Federalists Can’t Support a Cannabis Crackdown

2018-01-10T00:01:00-05:00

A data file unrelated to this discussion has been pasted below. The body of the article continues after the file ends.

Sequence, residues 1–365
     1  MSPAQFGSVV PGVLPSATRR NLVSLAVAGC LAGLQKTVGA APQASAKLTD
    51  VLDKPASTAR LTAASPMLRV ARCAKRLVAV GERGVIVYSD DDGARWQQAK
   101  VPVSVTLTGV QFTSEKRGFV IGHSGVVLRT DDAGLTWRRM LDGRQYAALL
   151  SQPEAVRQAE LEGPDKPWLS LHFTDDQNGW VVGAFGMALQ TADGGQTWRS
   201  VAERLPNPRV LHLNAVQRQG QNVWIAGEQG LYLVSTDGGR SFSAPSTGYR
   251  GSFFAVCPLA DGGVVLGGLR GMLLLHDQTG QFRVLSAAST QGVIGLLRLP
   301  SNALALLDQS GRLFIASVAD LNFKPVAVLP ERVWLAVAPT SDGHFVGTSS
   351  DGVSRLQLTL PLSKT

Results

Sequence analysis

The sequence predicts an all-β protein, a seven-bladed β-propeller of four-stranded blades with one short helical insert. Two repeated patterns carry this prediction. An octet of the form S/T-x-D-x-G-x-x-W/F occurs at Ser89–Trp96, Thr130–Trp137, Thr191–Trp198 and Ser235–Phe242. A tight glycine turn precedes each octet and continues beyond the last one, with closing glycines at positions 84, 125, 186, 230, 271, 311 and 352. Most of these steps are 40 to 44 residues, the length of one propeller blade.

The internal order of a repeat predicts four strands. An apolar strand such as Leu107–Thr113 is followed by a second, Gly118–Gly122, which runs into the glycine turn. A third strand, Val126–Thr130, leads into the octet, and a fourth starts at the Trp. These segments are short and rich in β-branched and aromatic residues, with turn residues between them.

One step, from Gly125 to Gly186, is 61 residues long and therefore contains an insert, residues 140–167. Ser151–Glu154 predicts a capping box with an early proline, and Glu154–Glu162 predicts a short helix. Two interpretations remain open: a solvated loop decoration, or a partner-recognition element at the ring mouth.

Before last Thursday, state-licensed marijuana merchants operated in a highly uncertain legal environment, subject to the whims of federal prosecutors who could at any moment decide to shut them down, take their property, and send them to prison. Now that Attorney General Jeff Sessions has clarified the Justice Department's policy regarding the cannabis industry, state-licensed marijuana merchants operate in a highly uncertain legal environment, subject to the whims of federal prosecutors who could at any moment decide to shut them down, take their property, and send them to prison. Sessions calls this "a return to the rule of law." The description is dubious, not only because the situation for state-legal marijuana growers and distributors is fundamentally unchanged but also because the cannabis crackdown threatened by Sessions offends a basic principle of constitutional law: The federal government may not exercise powers it was never granted. U.S. attorneys prosecute a minuscule percentage of marijuana violations, and they have very broad discretion to decide which ones are worth their time. Sessions rescinded Justice Department guidelines that said a violator's compliance with state law was one factor prosecutors should consider. The reasoning, as explained in a 2013 memo from James Cole, then the deputy attorney general, was that state-regulated marijuana businesses are less likely to impinge on "federal enforcement priorities" such as stopping interstate smuggling and sales to minors. Cole did not tell U.S. attorneys to leave state-legal cannabusinesses alone, but since 2013 they generally have. It's not clear whether Sessions' memo will change that. Sessions called the marijuana-specific guidelines "unnecessary" and said prosecutors should be guided by "the Department's well-established general principles." Last week the interim U.S. attorneys in Colorado and the Southern District of California, both Sessions appointees, said they would continue as before. But given Sessions' well-known opposition to marijuana legalization, his memo was widely seen as portending more aggressive enforcement of the federal ban. That prospect provoked bipartisan criticism from state officials and members of Congress, uniting Democrats who support drug policy reform with Republicans who support federalism. Sessions' boss counts himself in the latter group, and he has repeatedly applied the principle of state autonomy to marijuana. In July 2016, for instance, a TV reporter in Colorado Springs asked Donald Trump what he thought about using federal power to shut down the state-authorized cannabis industry in states such as Colorado. "I wouldn't do that, no," Trump replied. "I'm a states person. I think it should be up to the states, absolutely." That position is broadly popular. Last summer a Quinnipiac University poll found that 75 percent of Americans, including 59 percent of Republicans, opposed "enforcing federal laws against marijuana" in the 29 states that "have already legalized medical or recreational marijuana." Refraining from such interference also happens to be what the Constitution requires. Under the 10th Amendment, "the powers not delegated to the United States by the Constitution, nor prohibited by it to the states, are reserved to the states respectively, or to the people." Unlike alcohol prohibition, the national marijuana ban was never authorized by a constitutional amendment. Its purported legitimacy instead relies on reading the power to regulate interstate commerce so broadly that it accommodates nearly anything Congress wants to do. In 2005 the Supreme Court said the Commerce Clause covers every last speck of cannabis in the country, even if it never crosses state lines, down to the plant in a cancer patient's closet or the bag of buds in her nightstand. "If Congress can regulate this under the Commerce Clause," noted dissenting Justice Clarence Thomas, "then it can regulate virtually anything—and the Federal Government is no longer one of limited and enumerated powers." Rep[...]